Replicated monitoring transects have been established at each farm so that we can record the changes in the grassland pastures over time. Dr. Judi Earl and Dr. Lewis Kahn from Agriculture Information and Monitoring Services at Armidale, NSW, have been contracted to monitor these sites, and also the Group's main site, which is on a farm near Clare. There the effects of different seasonal grazing strategies, as well as the effects of a high density, short duration grazing system are also being monitored.
While these grazing demonstrations only started eight months ago, we have been very excited by the results so far, not so much with the monitoring, which is at a very early stage, but with the interest shown by farmers. The Group recently held two Field Days, and the attendance far exceeded our expectations. We have had farmers ringing up and asking if they can join the project, because they have seen that one of the participating farmers has grass in his rotationally grazed paddocks, where they have bare ground on their set stocked ones! The Group is also providing farmers with access to management advice and to training programmes, such as Prograze and Sheep Nutrition courses, to help them increase their management skills. By the end of the project we hope that the farmers will be confident enough to make better decisions about their grazing management of their grasslands.
The Mid North Grasslands Working Group realizes that this is only a first step, and we have to build up a solid base of data about the grasslands of the Mid-North on which we can make even better management decisions. It is an exciting time to be involved with native grasslands, and I am proud to be part of a farmer group that is combining both conservation and production.
I firmly believe that our future as farmers in this country depends upon working with our natural resources. This is rather than continuing to impose our European style farming systems upon them. Furthermore, I think the direction that the NHT, or whatever follows it, should be going is towards working with farmer groups that are prepared to be innovative, and are working for a win/win outcome for both biodiversity and production.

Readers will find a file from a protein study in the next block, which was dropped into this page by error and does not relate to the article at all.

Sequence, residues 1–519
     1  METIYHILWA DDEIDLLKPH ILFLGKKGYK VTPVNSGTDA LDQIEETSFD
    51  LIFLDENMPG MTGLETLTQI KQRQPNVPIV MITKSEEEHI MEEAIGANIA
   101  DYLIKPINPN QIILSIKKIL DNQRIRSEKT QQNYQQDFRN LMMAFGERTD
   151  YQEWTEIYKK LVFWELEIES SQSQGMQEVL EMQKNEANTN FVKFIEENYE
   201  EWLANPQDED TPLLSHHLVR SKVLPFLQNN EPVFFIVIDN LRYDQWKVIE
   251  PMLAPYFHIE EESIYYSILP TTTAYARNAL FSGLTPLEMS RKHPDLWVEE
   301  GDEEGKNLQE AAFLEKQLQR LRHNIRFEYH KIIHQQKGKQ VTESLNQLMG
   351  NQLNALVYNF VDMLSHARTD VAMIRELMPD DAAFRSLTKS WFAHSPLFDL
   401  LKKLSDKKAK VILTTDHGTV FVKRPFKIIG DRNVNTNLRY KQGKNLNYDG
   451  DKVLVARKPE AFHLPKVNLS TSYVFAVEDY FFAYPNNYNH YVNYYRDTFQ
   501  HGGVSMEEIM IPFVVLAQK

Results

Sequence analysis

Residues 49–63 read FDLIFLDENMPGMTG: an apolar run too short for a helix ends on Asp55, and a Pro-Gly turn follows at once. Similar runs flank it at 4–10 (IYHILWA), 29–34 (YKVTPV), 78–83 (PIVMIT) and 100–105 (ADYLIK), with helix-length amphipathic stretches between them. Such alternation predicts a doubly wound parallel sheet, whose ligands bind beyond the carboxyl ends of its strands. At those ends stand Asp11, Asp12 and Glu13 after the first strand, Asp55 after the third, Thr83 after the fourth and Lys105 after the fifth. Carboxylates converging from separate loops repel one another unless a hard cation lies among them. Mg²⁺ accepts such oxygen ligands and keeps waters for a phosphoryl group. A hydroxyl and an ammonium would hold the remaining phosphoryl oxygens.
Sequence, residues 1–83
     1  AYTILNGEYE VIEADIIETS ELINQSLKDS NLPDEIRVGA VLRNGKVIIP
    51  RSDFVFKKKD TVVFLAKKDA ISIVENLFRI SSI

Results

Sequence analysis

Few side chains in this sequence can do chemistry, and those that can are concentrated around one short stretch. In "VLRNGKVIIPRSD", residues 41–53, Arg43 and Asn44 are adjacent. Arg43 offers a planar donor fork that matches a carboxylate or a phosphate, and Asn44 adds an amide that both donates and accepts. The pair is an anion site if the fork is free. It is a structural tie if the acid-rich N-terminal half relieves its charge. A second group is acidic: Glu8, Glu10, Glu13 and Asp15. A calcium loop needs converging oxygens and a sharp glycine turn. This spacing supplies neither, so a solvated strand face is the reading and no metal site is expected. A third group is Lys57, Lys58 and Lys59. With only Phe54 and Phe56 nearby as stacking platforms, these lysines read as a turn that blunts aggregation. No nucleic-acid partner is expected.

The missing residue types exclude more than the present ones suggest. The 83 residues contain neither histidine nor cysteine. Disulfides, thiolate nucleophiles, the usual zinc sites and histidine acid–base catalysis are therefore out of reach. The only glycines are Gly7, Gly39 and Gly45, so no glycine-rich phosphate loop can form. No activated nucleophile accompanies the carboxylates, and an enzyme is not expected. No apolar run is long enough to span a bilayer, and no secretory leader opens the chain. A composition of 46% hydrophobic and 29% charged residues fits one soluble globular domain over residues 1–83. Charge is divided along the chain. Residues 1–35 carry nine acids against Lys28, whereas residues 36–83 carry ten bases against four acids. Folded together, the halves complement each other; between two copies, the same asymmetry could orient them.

This is just a beginning, but we have come a long way in the four years since W.W.F. first began bringing native grasslands to the publics' notice in the Mid-North, and the work of groups elsewhere, such as Stipa. This encourages me to believe that we are moving in the right direction, in spite of the continual lack of interest from the traditional farming bodies.
Talking to farmers is not enough, by setting up demonstrations of systems that work, by being generous with the information that we glean, and providing leadership and support for farmers who are willing to have a go at doing things differently, we can indeed instigate change on a landscape scale.
I believe that, by recognizing that the Mid-North of S A, really was originally an area of "grass of an excellent description, and of a great luxuriance," and is not a forest that has to be replanted with eucalypts. I believe we can work through many of our land management problems, such as dryland salinity, rising watertables, and soil structure problems, by returning to a productive grassland system.
Inevitably, with elements that are different from the original grassland, but which supports a regenerative farming system and builds the healthy and productive soils that were the basis of those original grassland systems.
- Eyre, E.J. Journal of Expeditions of Discovery into Central Australia and overland from Adelaide to King George Sound in the Years 1840-41. Volume 1 1845
- Yelland, E.M. (Ed) " Colonists Copper and Corn in the Colony of South Australia" 1970 The Hawthorn Press, Melbourne
- Meinig, D.W. "On the Margins of the Good Earth". S.A. Government Printer, 1988